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May 24, 2019

Weekend reads: You're copying your friends' habits without realizing it

Daily Briefing

    Ben Palmer's reads

    Why you might not want to 'break' your 'fast' before a workout. It's long been thought that skipping breakfast before exercising could lead to overcompensating for energy loss during the workout later by eating more. However, a small study in The Journal of Nutrition suggests that might not be the case. For the study, researchers recruited 12 healthy, active men and asked them to report to an exercise lab each morning. On one morning, the participants ate a 430-calorie bowl of oatmeal and rested for several hours. Another morning, they ate the same bowl of oatmeal and then rode a bike moderately for an hour. And on a third morning, the participants skipped the oatmeal and rode the bike, not eating until lunch. The researchers found that when the men ate and then worked out, they maintained an energy balance throughout the day. By contrast, but when they worked out without eating, they maintained a 400-calorie energy deficit, meaning they didn't overcompensate for the calories they lost while working out.

    Achoo! Some pollen protection tips, from a doctor. Over 22 million people in the United States live in areas with high pollen levels, but according to CBS medical correspondent and physician Tara Narula, there are ways to ease the pain. For one, Narula recommends checking the pollen count each day via the National Allergy Bureau's website. If the count is high, consider spending less time outside. Narula also recommends staying inside between 5 a.m. and 10 a.m.—the worst time of day for allergies. In addition, Narula recommends wearing natural fibers like cotton rather than synthetic ones, as well as big sunglasses and wide-brimmed hats. Avoid wearing cuffed pants or hair-styling products. And when you're driving, keep the windows up and recycle the air inside your vehicle, Narula said.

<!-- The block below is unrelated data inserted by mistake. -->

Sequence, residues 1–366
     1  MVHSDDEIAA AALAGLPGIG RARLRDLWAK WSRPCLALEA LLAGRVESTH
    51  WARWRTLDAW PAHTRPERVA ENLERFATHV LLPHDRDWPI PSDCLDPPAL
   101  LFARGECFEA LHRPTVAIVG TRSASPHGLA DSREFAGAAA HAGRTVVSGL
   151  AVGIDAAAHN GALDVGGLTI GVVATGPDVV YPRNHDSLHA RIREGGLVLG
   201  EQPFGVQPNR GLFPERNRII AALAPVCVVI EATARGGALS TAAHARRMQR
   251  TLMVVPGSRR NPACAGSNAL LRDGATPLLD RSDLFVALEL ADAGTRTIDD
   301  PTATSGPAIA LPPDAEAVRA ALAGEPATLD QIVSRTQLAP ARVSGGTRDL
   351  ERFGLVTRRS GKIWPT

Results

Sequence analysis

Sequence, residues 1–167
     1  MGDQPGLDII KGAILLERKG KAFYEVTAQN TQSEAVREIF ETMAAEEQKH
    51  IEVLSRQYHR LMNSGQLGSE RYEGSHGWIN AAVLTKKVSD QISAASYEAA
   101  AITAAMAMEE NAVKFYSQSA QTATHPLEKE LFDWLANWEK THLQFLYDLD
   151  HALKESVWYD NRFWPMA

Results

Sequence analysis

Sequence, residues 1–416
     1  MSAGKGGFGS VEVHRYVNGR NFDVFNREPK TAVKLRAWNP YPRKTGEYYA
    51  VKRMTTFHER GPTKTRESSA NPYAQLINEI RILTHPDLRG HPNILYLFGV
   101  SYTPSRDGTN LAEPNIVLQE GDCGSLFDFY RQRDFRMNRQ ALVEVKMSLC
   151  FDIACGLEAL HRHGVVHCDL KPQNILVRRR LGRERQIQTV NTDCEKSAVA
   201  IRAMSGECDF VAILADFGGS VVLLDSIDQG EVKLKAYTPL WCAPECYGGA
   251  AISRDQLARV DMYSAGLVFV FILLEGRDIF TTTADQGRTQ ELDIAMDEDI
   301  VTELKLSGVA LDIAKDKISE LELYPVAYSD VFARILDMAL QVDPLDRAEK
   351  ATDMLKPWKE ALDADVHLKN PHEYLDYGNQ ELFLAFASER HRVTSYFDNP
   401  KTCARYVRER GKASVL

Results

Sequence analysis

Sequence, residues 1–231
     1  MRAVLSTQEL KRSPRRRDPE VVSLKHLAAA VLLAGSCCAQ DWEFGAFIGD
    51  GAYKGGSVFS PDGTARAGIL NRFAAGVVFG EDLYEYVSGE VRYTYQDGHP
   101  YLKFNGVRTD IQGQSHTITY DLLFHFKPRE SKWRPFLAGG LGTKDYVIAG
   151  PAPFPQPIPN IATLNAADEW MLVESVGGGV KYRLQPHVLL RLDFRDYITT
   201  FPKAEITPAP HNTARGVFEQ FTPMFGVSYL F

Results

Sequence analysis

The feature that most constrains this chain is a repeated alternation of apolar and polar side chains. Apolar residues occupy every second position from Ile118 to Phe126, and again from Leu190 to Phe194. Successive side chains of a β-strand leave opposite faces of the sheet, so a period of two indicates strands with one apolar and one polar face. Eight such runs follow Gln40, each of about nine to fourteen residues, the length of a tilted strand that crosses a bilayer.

Danielle Poindexter's reads

    Stop copying me. Our brains are constantly picking up cues and habits from the people around us so, and as a result, we make largely unconscious changes in our behavior based on what our friends are doing. Amber Gaffney, a social psychologist from Humboldt State University, explained, "I won't necessarily start copying you, but I will change my attitudes to reflect your behavior because I feel similar to you and I see you as an extension of myself." At the same time, we may also relax these views if we notice hypocritical behavior in someone else in our friend group. For instance, if you spend a lot of time with friends who care about the environment and one of them reveals that they drive to work every day, you might decide to “relax [your] own views” on the issue, according to Gaffney.

    Why men are buying erectile dysfunction drugs at a major markup. To get off the ground, startups often use a common retail strategy: take a common retail product and sell it in more "fashionable packaging," Kristen Brown and colleagues write for Bloomberg. Now, drug companies Hims and Roman Health Medical are employing the same strategy to sell erectile dysfunction and hair-loss products. Roman charges $2 for a 20-milligram dose of sildenafil, the active ingredient in Viagra, while Hims charges $3 per pill.  With online discount programs, the same pill costs as little as 41 cents at some drugstores. Hims also marks up a hair loss product by roughly 100%. Part of the reason this strategy works is because of convenience. "The average consumer is not going around looking at six different websites and comparing cost," Michael Rea, founders of Rx Savings Solutions, said. "They might never know they could have gotten it for five bucks."

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